What goes up into space must later come down. Of those objects that make it into orbit, most of them are dragged down, but some objects can keep whizzing around for decades.
The Department of Defense tracks tens of thousands of artificial objects around Earth, but many fragments are too small to track. Any one of these tiny bits moving at hyper-speed could cause impact damage on satellites or space stations, causing anything from dents to explosions. One big target is the International Space Station (ISS). It routinely takes hits from sub-millimeter-sized particles and actively dodges larger bits multiple times each year.
And smaller spacecraft are in danger too. In 2009, a U.S. commercial satellite tore through a Russian military satellite, each bursting into a debris cloud that encircled the planet.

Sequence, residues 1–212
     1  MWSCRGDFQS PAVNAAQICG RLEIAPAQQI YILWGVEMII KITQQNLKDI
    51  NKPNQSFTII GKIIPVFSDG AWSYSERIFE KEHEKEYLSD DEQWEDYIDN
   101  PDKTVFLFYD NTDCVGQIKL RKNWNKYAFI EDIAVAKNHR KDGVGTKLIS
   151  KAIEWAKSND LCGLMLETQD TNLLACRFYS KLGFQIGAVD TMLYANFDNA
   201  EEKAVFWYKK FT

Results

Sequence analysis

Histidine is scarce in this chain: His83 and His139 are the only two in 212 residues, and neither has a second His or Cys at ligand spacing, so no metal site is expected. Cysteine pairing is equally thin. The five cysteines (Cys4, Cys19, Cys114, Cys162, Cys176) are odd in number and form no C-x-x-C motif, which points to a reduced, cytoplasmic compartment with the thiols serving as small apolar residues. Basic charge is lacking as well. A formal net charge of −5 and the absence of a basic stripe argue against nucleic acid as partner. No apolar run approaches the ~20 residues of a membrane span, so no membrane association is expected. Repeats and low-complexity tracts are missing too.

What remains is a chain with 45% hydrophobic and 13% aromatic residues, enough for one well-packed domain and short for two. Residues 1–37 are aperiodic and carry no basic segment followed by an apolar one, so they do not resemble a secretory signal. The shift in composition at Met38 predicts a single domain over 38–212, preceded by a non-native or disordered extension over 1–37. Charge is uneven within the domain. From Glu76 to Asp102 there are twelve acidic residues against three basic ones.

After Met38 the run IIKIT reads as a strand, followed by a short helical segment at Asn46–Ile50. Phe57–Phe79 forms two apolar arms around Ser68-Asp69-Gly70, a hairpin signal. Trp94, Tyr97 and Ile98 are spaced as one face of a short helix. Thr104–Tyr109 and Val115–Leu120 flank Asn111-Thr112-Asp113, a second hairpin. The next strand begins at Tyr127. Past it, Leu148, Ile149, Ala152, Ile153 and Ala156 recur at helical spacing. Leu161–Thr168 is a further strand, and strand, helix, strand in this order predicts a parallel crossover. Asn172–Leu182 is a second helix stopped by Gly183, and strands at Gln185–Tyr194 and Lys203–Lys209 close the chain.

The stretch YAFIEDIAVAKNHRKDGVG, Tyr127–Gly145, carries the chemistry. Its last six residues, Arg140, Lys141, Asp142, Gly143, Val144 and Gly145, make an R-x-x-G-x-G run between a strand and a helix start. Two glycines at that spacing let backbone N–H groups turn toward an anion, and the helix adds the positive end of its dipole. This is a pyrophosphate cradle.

NASA astrophysicist Donald Kessler first analyzed a phenomenon, now called the Kessler Syndrome, nearly 40 years ago. He predicted that pieces of broken satellites and other space objects could create a “debris belt” around Earth. These little pieces of space junk can crash into our space objects, and could someday halt space activity.
The purpose of this passage can best be described as ___________________.